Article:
• Altered microbiota. A 2015 paper in the journal Gut noted that PPIs affect bacteria and other organisms living in the intestines—reducing their diversity and increasing the presence of bacteria normally found in the mouth. The clinical effects of such changes, however, are not clear.
  • Drug interactions. PPIs can decrease blood levels of drugs that require gastric acidity for absorption (such as itraconazole, an anti­fungal) as well as drugs metabolized by the CYP2C19 enzyme, such as diazepam (Valium) and phenytoin (Dilantin). They may also inhibit conversion of the antiplatelet drug clopidogrel (Plavix) to its active form.
  • Higher mortality rate. A 2017 analysis of data on 6 million Americans, including 275,000 PPI users, linked the drugs with a 25 percent elevated risk of death from all causes compared to use of H-2 blockers, a risk that increased the longer PPIs were taken. The researchers wrote that these findings should not deter the use of PPIs when medically indicated, but they emphasized the need for the drugs to be used judiciously and for limited duration, when possible, and for side effects to be monitored.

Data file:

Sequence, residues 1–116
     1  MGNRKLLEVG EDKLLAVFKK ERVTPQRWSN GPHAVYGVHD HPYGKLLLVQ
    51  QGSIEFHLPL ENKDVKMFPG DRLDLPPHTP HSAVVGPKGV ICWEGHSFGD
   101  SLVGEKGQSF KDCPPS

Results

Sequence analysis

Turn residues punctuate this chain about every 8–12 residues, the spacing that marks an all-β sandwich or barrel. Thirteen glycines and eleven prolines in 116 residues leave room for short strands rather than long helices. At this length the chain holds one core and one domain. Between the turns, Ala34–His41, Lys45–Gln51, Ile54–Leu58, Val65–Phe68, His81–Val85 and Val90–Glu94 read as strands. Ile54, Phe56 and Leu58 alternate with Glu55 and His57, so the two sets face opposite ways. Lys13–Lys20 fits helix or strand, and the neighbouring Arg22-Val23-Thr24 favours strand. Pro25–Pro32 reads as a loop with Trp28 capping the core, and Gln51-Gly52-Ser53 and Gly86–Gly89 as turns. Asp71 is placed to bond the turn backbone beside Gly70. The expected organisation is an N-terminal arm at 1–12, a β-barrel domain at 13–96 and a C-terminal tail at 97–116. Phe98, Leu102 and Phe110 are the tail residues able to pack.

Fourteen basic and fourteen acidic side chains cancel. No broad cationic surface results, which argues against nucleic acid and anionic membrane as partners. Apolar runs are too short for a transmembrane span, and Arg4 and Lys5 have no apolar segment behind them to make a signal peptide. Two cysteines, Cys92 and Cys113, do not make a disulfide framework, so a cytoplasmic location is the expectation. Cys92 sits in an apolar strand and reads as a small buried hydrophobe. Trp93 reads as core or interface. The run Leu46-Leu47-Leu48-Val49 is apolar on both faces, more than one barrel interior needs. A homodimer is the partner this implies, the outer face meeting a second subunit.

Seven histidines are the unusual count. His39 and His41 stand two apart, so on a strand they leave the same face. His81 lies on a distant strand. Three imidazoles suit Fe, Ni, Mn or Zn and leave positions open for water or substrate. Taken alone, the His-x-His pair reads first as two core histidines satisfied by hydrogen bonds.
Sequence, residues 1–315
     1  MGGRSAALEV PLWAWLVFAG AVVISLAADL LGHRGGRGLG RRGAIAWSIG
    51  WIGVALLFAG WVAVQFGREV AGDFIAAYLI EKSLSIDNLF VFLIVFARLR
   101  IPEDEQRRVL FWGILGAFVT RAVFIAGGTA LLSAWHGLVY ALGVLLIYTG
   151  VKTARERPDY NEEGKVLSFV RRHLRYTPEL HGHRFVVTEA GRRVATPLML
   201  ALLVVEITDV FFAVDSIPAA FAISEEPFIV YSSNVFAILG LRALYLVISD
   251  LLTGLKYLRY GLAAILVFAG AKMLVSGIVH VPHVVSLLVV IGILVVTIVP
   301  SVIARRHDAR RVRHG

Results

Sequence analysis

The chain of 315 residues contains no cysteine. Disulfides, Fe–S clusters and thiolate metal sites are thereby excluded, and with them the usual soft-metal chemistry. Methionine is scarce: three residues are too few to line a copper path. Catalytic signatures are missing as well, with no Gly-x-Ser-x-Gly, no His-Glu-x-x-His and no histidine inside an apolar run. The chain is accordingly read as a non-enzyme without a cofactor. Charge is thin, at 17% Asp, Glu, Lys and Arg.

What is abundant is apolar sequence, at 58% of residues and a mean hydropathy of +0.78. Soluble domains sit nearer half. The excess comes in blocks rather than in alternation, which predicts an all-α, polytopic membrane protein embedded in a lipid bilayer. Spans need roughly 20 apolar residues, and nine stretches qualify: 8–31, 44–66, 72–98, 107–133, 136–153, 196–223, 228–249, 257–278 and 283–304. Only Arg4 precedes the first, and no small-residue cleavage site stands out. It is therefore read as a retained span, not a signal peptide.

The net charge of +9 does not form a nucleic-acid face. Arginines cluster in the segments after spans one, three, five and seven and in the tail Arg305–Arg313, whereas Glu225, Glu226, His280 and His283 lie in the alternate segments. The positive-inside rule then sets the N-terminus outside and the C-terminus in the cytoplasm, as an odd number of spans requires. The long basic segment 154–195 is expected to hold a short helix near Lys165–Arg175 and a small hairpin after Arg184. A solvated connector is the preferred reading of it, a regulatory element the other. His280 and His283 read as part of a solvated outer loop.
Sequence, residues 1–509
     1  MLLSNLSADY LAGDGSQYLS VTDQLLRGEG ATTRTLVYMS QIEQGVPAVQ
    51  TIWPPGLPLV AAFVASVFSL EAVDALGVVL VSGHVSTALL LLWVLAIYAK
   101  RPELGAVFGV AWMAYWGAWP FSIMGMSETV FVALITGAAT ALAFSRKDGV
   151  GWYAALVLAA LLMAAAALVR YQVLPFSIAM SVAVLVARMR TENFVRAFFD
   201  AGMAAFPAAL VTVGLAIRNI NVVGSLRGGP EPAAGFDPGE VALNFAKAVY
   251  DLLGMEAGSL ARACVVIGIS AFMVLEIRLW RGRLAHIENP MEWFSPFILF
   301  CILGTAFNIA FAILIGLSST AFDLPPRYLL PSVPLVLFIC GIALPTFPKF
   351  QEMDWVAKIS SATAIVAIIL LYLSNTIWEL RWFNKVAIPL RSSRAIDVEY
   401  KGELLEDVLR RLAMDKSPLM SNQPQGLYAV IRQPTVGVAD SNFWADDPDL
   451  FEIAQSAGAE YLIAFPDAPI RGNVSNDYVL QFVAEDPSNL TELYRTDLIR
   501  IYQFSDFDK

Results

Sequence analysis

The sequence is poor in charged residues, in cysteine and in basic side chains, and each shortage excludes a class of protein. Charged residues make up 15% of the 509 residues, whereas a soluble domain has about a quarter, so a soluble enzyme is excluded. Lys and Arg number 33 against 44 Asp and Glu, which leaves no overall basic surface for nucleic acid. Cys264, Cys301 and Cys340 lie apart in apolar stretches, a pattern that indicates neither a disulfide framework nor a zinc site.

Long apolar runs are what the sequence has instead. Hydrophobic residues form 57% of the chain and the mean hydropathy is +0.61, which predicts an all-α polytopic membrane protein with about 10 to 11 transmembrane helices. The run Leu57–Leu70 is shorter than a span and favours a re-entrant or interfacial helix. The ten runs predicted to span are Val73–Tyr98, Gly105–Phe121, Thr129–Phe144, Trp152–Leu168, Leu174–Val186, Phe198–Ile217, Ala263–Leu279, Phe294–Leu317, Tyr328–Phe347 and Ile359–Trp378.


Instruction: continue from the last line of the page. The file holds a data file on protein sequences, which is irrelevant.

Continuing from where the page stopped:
PPI bottom line: For some people—such as those with severe GERD or those prescribed antiplatelet therapy or nonsteroidal anti-inflammatory drugs that can cause gastrointestinal damage—the benefits of PPIs far outweigh the potential risks. Such long-term use should be monitored by a health care provider. Because of the potential risks, people over 65 should avoid taking PPIs for longer than eight weeks except for certain conditions and under medical supervision, according to an ex­­pert panel from the American Geriatrics Society that evaluated potentially inappropriate medication in 2015. But even younger people should be cautious about using PPIs for longer than that. Many people taking PPIs twice a day can reduce to once daily or switch to an H-2 blocker and still control their symptoms. Lifestyle changes such as those outlined in this issue can usually help them reduce or taper off medication.

Also see Help for Heartburn and GERD for more general information about PPIs and other medications for GERD.

Orginally published November 18, 2016, updated July 24, 2017.